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Apples and pears

In recent decades, sugars have played the role of dietary demon, with fructose being singled out as the worst of them all, being described as toxic, poison, etc…by a variety of popular anti-sugar activists, who suggest it is responsible for rising rates of obesity around the globe, amongst other things. One of the reasons that fructose has been singled out is because it was believed to be primarily converted to fat in the liver. Recent research challenges that belief.

What is fructose?

Fructose is one of the most abundant sugars in nature, being the main sugar in fruits, berries, honey, flowers, most root vegetables, and some grains. Nowadays, it is also abundant in the supermarket – when you buy soft drinks and sweetened foods such as yoghurt, dairy-based and frozen desserts, biscuits/cookies, cake mixes, salad dressings, mayonnaise, sauces (e.g., tomato), and some soups (again, e.g., tomato), chances are you will be adding fructose to your diet in the form of sucrose (50 percent fructose and 50 percent) or high fructose corn syrup (HFCS: typically 55 percent fructose and 45 percent glucose), depending on what part of the world you live in (HFCS are primarily used in North America).

Pure fructose is about 70% sweeter than sucrose (table sugar), so in theory less can be used to comparably sweeten a product. It also provides slightly less energy than sucrose – 15.6 kilojoules per gram compared to sucrose’s 16.5 kilojoules per gram (g). Finally, it has the lowest GI of all of the commonly consumed sugars, with an average value of 19 (low), compared to sucrose’s GI of 65 (medium).

Fructose digestion, absorption and metabolism

Sucrose is broken down into its constituents glucose and fructose in the small intestine with the help of the digestive enzyme sucrase, which is located in the small intestinal villi. Glucose is actively transported into the small intestine cells with the help of sodium and quickly ends up in the portal circulation (the blood supply from the small intestine to the liver) where it is distributed to the rest of the body, as it is the preferred fuel for most of our body’s organs and tissues.

Regardless of the source (i.e., from sucrose, HFCS, or pure fructose), fructose is passively transported into the small intestinal cells. Until recently, it was commonly believed that the liver was the primary site of fructose metabolism. An elegant study by Cholsoon Jang and colleagues has proven that this is not the case. Using isotope tracing and mass spectrometry, they tracked the fate of carbon molecules from glucose and fructose in vivo. They found that when low doses of fructose are consumed, around 90% is cleared by the small intestine, with only trace amounts of fructose, but extensive fructose-derived glucose, lactate, and glycerate found in the portal circulation.

However, high doses of fructose (more than 1 g/kg, equivalent to more than 72 g for an average Australian woman and more than 87 g for an average man) overwhelm intestinal fructose absorption and clearance capacity, resulting in fructose reaching both the liver and the large intestine, where it is metabolised by the colonic microbiota. It is important to note that it has long been known that large doses of pure fructose are not well absorbed by humans, causing flatulence and diarrhoea in most people when it reaches the large intestine.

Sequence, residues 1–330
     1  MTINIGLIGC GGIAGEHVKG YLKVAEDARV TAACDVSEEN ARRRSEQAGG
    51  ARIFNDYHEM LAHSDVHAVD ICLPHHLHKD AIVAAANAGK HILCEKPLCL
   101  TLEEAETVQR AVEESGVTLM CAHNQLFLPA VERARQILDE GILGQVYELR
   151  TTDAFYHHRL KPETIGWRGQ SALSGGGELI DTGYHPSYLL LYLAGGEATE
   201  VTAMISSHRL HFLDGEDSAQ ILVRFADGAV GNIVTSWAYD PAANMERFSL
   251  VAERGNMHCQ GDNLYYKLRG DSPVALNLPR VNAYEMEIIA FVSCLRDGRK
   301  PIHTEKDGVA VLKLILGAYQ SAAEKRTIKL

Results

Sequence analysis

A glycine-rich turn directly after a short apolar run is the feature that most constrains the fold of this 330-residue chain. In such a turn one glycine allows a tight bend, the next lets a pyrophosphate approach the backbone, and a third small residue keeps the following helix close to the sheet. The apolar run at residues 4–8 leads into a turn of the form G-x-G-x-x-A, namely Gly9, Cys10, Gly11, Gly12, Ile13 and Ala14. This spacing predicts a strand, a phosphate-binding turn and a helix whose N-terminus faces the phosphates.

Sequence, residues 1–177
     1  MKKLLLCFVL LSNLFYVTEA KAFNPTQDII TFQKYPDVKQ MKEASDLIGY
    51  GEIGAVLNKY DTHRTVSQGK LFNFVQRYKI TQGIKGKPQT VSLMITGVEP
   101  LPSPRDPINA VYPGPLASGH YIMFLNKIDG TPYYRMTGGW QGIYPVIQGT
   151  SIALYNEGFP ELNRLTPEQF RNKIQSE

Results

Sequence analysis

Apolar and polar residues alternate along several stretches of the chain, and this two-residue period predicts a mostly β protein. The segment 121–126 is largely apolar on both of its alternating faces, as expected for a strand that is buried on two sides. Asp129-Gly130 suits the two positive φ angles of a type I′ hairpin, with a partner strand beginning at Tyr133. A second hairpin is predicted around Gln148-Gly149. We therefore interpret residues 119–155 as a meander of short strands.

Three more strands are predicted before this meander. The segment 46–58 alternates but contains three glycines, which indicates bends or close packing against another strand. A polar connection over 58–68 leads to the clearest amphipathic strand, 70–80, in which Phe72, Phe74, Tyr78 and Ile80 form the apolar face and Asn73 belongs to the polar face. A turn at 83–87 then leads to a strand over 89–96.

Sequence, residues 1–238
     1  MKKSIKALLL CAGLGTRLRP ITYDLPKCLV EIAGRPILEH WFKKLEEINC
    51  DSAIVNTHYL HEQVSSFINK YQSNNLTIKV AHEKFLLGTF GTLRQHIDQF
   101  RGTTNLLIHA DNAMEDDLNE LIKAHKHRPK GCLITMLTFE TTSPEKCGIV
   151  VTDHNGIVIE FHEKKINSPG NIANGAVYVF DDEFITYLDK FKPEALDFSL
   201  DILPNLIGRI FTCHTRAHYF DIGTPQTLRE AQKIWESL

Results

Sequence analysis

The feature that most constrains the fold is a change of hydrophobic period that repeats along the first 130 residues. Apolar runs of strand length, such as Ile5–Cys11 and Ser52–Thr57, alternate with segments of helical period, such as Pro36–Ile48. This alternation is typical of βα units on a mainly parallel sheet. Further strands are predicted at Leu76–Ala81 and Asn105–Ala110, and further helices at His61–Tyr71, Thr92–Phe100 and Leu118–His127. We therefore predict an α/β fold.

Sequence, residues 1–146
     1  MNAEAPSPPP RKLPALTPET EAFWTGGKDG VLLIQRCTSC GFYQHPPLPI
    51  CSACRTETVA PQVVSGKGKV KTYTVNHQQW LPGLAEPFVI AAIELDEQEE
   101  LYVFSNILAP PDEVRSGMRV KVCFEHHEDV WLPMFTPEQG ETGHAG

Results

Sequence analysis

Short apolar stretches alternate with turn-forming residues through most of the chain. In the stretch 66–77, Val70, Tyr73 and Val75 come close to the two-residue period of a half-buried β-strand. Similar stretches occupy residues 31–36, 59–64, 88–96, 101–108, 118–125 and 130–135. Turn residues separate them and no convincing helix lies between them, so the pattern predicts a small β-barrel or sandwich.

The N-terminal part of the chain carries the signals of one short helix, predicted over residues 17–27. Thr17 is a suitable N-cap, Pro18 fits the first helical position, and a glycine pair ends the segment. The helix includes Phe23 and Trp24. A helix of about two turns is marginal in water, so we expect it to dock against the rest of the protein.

Overall, the authors concluded that the small intestine shields the liver from fructose exposure and that large doses of fructose overwhelm this shielding capacity.

How much fructose are we consuming?

While most national nutrition surveys provide estimates of how much total and added sugars people consume, they don’t provide estimates of how much fructose people consume. However, if we assume that half of the total sugars we consume are fructose (on average, around 50% of the sugar in fruits is fructose, for example), we can get a rough estimate of how much we are consuming.

For example, in Australia’s most recent National Nutrition Survey, on average, women consumed 91g of total sugars and men 115g. If half of all sugars consumed are fructose, then women consumed approximately 45.5 g of fructose and men 57.5 g.

Therefore, on average, Australian women and men are not consuming high amounts of fructose, and therefore, most of what they are consuming is converted into glucose in their small intestine, and not to fat in their liver, as has been popularly believed.


When consumed in typical amounts, fructose is converted to glucose in the small intestine – not fat in the liver.

Read more:

  1. Barclay and colleagues. The Ultimate Guide to Sugars and Sweeteners. The Experiment, 2014
  2. Jang and colleagues. The Small Intestine Converts Dietary Fructose into Glucose and Organic Acids. Cell Metabolism, 2018.
  3. Australian Bureau of Statistics. Australian Health Survey: Nutrition First Results – Foods and Nutrients. 2011-12.
Dr Alan Barclay, PhD, is a consultant dietitian and chef with a particular interest in carbohydrates and diabetes. He is author of Reversing Diabetes (Murdoch Books), and co-author of 40 scientific publications, The Good Carbs Cookbook (Murdoch Books), Managing Type 2 Diabetes (Hachette Australia) and The Ultimate Guide to Sugars and Sweeteners (The Experiment Publishing).
Contact: Follow him on Twitter, LinkedIn or check out his website.